In tennis, we sometimes see players struggling for form on the ATP World Tour - pro tennis' highest level - drop down one tier to the ATP Challenger Tour. While the level of competition is not as high, they are likely to win more matches, and winning - no matter who it's against - breeds confidence. So while it's no secret that West Indies would much rather be in England playing the Champions Trophy, there's little doubt that sweeping Afghanistan in the T20I series would have boosted morale, and eased a small amount of the pain of losing all three series against Pakistan recently.
With the ODIs coming up, the hosts have the perfect opportunity to highlight the gulf - in quality and experience - between the two sides even further, and finally enjoy a tour they can unequivocally call a success.
Afghanistan might be wishing this tour was the other way around, with the ODIs - the format they are less likely to make an impact in - held before the T20Is. That way, they could have acclimatised to the conditions during the ODIs, while saving their best for the T20Is, with a real chance of causing a few upsets. As it stands, they made their mistakes in the T20Is, and even though they got better with each progressing game, they now find themselves having to take on their hosts in a longer format, which is unlikely to play to their advantage.
West Indies LLWLL (last five completed matches, most recent first) Afghanistan WWLLW
In the spotlight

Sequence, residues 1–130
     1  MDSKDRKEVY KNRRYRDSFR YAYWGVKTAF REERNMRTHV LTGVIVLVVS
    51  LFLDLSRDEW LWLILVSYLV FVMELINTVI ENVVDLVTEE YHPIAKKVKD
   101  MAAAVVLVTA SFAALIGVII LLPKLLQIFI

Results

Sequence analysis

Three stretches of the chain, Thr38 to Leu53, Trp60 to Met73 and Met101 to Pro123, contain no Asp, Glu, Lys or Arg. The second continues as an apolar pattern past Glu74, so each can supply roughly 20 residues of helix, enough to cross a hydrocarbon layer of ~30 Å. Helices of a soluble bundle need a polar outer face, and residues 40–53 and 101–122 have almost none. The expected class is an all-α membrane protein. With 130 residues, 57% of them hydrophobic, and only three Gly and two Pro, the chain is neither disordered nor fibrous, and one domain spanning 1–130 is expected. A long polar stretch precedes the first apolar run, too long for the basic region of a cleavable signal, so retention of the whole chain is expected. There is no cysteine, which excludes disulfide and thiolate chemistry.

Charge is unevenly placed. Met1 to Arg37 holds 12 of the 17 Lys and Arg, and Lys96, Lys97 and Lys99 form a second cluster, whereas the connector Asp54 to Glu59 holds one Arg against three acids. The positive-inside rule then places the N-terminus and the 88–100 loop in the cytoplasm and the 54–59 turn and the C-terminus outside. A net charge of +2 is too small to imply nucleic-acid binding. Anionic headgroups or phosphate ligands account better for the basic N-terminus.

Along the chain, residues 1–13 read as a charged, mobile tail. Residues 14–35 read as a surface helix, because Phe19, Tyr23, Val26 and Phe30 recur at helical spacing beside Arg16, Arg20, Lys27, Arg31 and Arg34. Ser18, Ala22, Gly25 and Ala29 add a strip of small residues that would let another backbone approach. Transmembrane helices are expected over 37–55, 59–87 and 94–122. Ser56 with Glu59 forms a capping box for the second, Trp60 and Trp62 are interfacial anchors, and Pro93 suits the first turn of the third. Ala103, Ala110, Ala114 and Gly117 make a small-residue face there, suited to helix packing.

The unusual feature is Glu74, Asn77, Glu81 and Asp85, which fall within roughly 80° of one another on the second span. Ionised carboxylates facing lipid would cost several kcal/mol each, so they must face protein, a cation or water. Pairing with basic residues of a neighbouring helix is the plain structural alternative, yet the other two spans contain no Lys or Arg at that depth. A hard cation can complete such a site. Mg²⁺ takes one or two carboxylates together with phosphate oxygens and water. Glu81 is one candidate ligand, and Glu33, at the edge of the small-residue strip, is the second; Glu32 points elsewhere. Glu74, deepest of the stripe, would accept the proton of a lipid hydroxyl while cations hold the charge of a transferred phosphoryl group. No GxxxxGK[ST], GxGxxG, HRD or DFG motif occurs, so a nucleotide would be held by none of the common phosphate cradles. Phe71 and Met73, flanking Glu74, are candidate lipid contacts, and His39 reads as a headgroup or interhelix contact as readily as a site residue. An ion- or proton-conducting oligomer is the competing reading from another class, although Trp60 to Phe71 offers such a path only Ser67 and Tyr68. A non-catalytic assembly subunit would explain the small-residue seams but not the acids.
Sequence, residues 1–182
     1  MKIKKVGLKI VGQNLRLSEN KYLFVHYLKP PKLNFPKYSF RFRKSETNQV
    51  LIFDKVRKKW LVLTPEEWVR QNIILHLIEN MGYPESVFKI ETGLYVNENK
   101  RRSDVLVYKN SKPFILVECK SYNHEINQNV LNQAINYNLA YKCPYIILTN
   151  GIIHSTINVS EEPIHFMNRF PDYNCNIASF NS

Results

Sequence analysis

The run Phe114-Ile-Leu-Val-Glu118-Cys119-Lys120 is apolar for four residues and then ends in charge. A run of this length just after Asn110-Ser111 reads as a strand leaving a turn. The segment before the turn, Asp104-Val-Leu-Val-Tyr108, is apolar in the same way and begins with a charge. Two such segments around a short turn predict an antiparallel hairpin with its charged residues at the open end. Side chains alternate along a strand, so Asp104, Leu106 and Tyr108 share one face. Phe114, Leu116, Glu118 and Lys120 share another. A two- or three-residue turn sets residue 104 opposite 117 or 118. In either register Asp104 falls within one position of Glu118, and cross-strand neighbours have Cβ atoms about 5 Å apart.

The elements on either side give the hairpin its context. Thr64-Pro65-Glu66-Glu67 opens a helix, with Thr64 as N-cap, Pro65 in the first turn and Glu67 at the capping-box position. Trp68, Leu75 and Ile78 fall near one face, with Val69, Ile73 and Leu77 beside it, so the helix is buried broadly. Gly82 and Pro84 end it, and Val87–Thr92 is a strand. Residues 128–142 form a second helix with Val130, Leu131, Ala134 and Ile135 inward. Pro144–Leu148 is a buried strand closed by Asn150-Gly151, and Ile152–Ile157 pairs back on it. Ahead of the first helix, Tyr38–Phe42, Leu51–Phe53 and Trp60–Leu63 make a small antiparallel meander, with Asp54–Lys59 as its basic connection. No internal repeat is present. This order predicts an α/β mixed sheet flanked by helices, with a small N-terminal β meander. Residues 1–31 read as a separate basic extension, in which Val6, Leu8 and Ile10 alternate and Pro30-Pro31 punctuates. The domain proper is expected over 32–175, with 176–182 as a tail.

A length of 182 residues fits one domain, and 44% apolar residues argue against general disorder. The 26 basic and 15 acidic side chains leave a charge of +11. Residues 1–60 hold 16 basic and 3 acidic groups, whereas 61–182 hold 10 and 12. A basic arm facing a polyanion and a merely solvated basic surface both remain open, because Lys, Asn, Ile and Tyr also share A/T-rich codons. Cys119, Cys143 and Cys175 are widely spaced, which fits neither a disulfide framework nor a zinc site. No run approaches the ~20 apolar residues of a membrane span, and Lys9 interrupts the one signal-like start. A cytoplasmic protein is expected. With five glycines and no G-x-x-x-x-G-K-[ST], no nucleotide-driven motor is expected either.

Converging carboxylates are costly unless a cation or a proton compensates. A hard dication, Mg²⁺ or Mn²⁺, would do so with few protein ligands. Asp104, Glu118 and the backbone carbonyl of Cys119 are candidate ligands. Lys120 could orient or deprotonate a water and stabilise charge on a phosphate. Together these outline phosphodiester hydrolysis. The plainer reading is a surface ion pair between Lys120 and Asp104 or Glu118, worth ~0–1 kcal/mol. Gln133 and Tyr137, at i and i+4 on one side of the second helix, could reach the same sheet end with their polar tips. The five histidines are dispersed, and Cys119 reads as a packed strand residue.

Interest will invariably centre around Roston Chase, who was called up to the ODI side for the first time after a phenomenally prolific Test series against Pakistan. He averaged over 100 en route to scoring 403 runs - the highest aggregate for a West Indies batsmen in a three-match series. But that is no guarantee of ODI success. Chase appears to be a more classical batsman, who has prioritised first-class cricket over T20 glamour, playing just 16 domestic limited-overs matches. This series will be a test of his flexibility, and will show whether he can be a man West Indies can turn to regardless of the format. With a Test strike rate of 43.61, he'll have to do something different in the shorter format.
On paper, Gulbadin Naib's primary role is that of a medium-fast bowler, but he has performed that job for precisely two overs across 3 T20Is in the Caribbean. With the bat, a facet of his game that has assumed greater importance of late, he has disappointed, scoring 31 runs in three outings. While he is a more regular ODI bowler, Naib will be under pressure to deliver and bolster his all-round credentials. With the competition for places so intense, there will invariably be another player eyeing his place.
West Indies have named a somewhat thin 13-man squad for the ODI series, with Chadwick Walton, who struggled in the ODIs against Pakistan, left out. Jason Holder, who was rested for the T20Is, returns as ODI captain. T20I captain Carlos Brathwaite was omitted from the ODI side.
West Indies (probable): Evin Lewis, Kieran Powell, Shai Hope (wk), Jonathan Carter, Roston Chase, Jason Mohammad, Rovman Powell, Jason Holder (capt), Devendra Bishoo, Alzarri Joseph, Shannon Gabriel
There are fewer squad changes for Afghanistan between the T20I and ODI formats, but they might not be sure of the best side to play, having shuffled their side around during the T20Is.
Afghanistan (probable): Gulbadin Naib, Noor Ali Zadran, Asghar Stanikzai (capt), Samiullah Shenwari, Mohammad Nabi, Shafiqullah (wk), Afzar Zazai, Rashid Khan, Amir Hamza, Shapoor Zadran, Dawlat Zadran.
Pitch and conditions
This is the first match being held at this ground since it was renamed the Darren Sammy National Cricket Stadium after the former captain. Established in 2002, the stadium has traditionally seen spinners extract more, although high totals at this ground were in evidence long before the T20 revolution. The weather should be ideal for cricket, with bright skies and little cloud cover.
Stats and trivia
Afghanistan will become the third Associate side to play in St Lucia. Canada and Kenya played here during the 2007 World Cup.